Twitter as a Tool for Professional Learning

For some, the social media site/app Twitter is written off as a place of indecipherable abbreviations (to meet the now-former 140-character limit), viral hashtags, and celebrity “beefs”.  Yet, to discount Twitter out of hand is to overlook a force of 330 million active monthly users around the globe, who together send over 500 million tweets every single day (Newberry, 2018). Those hundreds of millions of tweets have impacted the world in ways unimaginable just a few years ago; whether in politics, such as in the 2016 US presidential election or the Black Lives Matter movement, or in business, in which customers can now communicate directly with brands and CEOs, and companies like the fast-food giant Wendy’s can reinvent their image with edgy Twitter-based marketing campaigns. Furthermore, like as outlined in a recent post on this blog about Facebook, ill-advised tweets have the power to destroy careers and reputations, such as the infamous case of former PR executive Justine Sacco. In short, Twitter is a force that cannot be overlooked in contemporary society.

As I wrote about here, Twitter is also valuable as a tool for teaching, learning, and career advancement. Specifically, Twitter facilitates the development of web-based Personal Learning Networks, or PLNs. A PLN is an invaluable tool- it can provide professional development that is meaningful right now, addressing immediate professional needs at no cost through related hashtag searches, the tweets and shared resources of other educators and organizations, twitter chats, and “just in time” communication and collaboration. Furthermore, this collaboration can lead to the development of more traditional networking relationships; active participation in #edchats, for example, are an easy way for a user to communicate and share ideas directly with an organization with whom they may want to work for in the future. The fact that on Twitter anyone can follow and communicate with anyone else without approval allows for instant access and the understanding of the Twitter space as a less-personal, more professional social media platform than Facebook. This also facilitates networking and career advancement; if used intentionally, Twitter can be thought of as a giant open-networking event with whomever the user wishes to try to network with. In this way, Twitter perhaps offers the greatest potential among social media sites for professional learning and career advancement.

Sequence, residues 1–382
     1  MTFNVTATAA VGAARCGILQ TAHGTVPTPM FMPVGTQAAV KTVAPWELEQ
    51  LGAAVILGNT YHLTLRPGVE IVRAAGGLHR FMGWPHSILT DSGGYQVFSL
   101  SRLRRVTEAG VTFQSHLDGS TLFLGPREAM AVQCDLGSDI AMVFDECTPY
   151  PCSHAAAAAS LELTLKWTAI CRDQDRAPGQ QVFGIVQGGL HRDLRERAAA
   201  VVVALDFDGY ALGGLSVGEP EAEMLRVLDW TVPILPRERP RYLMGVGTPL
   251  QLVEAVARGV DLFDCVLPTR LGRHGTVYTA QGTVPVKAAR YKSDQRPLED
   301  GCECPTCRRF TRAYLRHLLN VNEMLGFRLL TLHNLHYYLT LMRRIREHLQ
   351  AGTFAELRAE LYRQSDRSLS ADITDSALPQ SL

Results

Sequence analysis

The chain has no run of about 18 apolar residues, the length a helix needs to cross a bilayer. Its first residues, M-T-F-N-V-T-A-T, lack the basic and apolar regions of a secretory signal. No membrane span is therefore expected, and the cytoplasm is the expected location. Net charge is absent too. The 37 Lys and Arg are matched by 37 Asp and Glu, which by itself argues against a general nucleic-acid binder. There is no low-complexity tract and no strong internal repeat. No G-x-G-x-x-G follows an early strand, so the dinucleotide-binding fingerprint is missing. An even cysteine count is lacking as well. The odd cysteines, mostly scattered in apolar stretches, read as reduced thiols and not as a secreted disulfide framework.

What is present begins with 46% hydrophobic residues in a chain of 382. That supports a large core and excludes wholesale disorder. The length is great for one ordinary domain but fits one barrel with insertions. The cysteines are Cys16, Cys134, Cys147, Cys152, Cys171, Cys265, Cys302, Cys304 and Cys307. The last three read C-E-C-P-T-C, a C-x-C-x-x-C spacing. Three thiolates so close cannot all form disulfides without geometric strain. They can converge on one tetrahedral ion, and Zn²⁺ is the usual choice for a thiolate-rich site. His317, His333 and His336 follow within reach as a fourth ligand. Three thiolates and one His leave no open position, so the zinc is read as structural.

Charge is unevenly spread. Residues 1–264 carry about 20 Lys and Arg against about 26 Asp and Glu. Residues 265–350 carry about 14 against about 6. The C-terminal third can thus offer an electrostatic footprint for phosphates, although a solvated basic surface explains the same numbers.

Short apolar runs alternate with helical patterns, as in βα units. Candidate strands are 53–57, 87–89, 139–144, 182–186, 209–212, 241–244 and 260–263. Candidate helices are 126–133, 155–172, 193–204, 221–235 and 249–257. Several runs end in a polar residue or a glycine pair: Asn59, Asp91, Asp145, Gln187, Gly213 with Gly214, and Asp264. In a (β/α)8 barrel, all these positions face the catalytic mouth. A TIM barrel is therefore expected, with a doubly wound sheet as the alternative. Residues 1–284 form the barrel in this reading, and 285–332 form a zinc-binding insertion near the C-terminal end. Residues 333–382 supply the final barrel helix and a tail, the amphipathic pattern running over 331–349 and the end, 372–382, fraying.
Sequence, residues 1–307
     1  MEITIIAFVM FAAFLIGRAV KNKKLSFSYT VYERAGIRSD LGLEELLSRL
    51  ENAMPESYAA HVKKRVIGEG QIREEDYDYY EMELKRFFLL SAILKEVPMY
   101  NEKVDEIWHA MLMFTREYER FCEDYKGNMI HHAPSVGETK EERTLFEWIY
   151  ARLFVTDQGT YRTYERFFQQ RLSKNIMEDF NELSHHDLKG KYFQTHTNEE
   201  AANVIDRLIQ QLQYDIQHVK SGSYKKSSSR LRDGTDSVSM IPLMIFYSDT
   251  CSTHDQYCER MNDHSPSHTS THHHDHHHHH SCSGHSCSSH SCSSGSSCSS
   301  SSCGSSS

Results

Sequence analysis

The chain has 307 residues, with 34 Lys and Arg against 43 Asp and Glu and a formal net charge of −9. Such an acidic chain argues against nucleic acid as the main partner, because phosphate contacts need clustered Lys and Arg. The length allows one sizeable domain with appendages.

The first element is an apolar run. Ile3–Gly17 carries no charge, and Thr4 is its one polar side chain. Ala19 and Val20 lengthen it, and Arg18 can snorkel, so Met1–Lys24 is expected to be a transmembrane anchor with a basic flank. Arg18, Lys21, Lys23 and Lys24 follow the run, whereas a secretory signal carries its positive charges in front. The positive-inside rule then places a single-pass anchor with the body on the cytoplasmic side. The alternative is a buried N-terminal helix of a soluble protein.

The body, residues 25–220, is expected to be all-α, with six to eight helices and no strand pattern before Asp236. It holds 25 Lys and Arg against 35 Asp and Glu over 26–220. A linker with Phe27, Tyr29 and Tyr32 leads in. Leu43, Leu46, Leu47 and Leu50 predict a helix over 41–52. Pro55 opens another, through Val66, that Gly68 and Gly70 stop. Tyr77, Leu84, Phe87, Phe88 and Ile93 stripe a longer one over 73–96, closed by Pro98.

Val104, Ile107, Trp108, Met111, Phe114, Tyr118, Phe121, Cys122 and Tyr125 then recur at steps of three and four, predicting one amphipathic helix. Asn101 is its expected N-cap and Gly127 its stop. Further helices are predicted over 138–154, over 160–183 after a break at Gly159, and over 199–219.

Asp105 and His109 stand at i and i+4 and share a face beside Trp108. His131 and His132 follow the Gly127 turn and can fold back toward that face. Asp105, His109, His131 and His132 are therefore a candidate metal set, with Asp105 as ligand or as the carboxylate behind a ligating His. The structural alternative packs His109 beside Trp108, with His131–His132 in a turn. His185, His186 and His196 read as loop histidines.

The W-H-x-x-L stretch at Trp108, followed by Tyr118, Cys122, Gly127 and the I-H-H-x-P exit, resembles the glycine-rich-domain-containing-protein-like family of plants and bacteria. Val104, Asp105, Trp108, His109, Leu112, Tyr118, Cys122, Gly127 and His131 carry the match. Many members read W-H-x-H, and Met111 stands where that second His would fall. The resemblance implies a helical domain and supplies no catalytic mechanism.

Reference

Newberry, C. (2018, Jan 17). 28 twitter statistics that all marketers need to know in 2018. Retrieved from https://blog.hootsuite.com/twitter-statistics/

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